Summer is widely considered the doldrums for the stock market, but July, for some reason, is often an exception to that. Since 1985, the S&P 500 has risen by an average of 0.8 percent in July. By contrast, it has fallen by 0.1 percent in June, by 0.4 percent in August, and 0.7 percent in September.
One theory for July's relative success is that there's usually an earnings-report season that happens during it. Alcoa, the traditional opener of earnings season, announces on Wednesday of this week, followed by Pepsi and Walgreens on Thursday.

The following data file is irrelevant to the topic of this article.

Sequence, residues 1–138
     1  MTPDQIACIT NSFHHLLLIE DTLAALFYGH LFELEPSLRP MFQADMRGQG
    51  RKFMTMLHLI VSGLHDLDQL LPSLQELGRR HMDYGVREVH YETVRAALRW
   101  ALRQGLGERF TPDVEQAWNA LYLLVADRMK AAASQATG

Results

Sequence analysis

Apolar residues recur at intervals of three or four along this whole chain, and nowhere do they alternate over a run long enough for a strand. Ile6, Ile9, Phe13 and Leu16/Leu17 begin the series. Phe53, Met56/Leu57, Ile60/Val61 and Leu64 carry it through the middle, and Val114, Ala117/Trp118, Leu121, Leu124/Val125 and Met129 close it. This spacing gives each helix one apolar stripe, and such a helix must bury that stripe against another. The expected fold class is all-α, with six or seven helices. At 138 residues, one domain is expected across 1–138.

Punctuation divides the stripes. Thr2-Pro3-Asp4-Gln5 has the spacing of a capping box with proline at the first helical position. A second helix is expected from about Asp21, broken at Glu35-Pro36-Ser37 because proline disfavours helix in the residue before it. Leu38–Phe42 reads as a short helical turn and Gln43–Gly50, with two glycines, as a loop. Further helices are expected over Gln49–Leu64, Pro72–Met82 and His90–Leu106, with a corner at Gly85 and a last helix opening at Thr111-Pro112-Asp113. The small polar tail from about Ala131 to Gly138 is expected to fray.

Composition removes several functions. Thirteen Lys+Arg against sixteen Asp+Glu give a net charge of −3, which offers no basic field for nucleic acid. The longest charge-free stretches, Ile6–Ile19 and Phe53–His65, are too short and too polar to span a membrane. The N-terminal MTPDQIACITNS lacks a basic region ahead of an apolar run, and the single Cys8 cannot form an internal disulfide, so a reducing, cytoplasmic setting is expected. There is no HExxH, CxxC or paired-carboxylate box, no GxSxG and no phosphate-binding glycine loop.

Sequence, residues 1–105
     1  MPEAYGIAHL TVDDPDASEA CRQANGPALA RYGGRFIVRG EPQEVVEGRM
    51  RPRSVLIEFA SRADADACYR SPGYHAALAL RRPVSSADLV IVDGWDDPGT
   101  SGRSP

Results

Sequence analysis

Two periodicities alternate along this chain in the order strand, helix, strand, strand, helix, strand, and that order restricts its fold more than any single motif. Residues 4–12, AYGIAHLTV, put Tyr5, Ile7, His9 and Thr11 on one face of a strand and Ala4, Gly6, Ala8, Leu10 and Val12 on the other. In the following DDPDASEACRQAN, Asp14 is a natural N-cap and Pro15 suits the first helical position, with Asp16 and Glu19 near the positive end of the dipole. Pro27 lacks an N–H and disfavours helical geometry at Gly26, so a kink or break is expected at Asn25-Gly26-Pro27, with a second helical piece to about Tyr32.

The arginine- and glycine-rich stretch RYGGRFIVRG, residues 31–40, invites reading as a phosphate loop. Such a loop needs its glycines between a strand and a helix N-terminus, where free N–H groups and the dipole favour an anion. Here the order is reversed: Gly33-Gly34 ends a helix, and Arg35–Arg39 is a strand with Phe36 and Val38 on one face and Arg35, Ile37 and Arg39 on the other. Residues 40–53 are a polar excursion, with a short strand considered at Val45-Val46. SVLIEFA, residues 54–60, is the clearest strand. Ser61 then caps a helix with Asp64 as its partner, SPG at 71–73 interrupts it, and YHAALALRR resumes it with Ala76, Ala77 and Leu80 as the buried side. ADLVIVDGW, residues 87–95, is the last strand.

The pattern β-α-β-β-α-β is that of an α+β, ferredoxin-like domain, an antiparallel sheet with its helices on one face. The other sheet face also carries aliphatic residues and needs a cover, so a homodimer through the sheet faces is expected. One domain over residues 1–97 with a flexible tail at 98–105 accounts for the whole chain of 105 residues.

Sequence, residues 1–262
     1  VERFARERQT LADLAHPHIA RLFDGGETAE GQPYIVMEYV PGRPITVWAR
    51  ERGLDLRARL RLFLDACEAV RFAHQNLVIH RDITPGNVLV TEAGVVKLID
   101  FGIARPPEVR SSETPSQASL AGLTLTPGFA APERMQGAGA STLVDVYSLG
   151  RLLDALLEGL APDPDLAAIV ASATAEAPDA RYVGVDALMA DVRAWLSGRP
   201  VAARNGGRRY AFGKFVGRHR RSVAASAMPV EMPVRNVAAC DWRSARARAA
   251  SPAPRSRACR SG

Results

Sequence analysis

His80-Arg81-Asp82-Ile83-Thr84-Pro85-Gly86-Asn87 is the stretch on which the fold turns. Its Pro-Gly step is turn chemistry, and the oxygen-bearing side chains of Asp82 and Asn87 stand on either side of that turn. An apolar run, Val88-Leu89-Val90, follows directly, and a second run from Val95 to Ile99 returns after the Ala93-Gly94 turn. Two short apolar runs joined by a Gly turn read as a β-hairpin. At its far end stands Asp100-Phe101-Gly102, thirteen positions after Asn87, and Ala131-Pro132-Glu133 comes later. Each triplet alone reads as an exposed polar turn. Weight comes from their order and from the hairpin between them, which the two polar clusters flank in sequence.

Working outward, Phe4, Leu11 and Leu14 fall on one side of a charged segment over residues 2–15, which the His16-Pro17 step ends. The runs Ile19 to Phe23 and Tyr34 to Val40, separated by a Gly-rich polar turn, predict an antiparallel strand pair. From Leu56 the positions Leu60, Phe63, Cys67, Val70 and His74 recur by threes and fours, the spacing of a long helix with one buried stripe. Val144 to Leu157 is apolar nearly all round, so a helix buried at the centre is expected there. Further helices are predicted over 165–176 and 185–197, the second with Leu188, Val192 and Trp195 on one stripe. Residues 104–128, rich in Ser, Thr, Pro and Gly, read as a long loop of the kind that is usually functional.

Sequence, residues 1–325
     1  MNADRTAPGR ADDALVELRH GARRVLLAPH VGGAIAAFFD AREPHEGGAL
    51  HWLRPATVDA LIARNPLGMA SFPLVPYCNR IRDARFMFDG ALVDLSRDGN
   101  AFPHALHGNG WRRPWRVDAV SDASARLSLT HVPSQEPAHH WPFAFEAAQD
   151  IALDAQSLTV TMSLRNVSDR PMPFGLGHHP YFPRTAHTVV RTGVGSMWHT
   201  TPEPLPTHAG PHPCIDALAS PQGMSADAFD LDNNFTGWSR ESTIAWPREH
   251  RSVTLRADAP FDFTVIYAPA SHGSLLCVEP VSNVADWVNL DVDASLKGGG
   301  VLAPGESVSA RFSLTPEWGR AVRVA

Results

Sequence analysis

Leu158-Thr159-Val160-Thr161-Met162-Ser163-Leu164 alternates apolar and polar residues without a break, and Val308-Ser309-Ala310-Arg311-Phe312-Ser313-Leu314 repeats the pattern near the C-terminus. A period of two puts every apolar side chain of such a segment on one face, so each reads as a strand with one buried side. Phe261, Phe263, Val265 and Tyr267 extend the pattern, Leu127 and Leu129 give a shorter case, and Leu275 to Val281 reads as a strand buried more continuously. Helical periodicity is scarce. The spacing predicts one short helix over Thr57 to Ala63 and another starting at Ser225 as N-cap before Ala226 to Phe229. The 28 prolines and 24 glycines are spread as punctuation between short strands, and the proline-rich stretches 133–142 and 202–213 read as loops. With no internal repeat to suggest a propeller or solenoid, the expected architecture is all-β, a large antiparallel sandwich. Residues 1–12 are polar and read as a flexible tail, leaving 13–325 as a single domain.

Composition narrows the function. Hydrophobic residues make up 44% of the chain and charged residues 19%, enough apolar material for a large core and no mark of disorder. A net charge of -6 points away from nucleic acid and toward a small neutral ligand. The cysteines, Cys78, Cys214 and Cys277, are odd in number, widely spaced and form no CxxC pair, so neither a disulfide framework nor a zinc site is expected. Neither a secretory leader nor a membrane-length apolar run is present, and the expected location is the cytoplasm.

In addition to being the historically worst-performing time for the
market, summer is also the time of the market's lowest volume. The reasoning behind the stronger July is that having a little bit of news going on draws interest when traders might otherwise be on summer vacation - coming back to trade off good earnings news. We'll see if that's the case this July.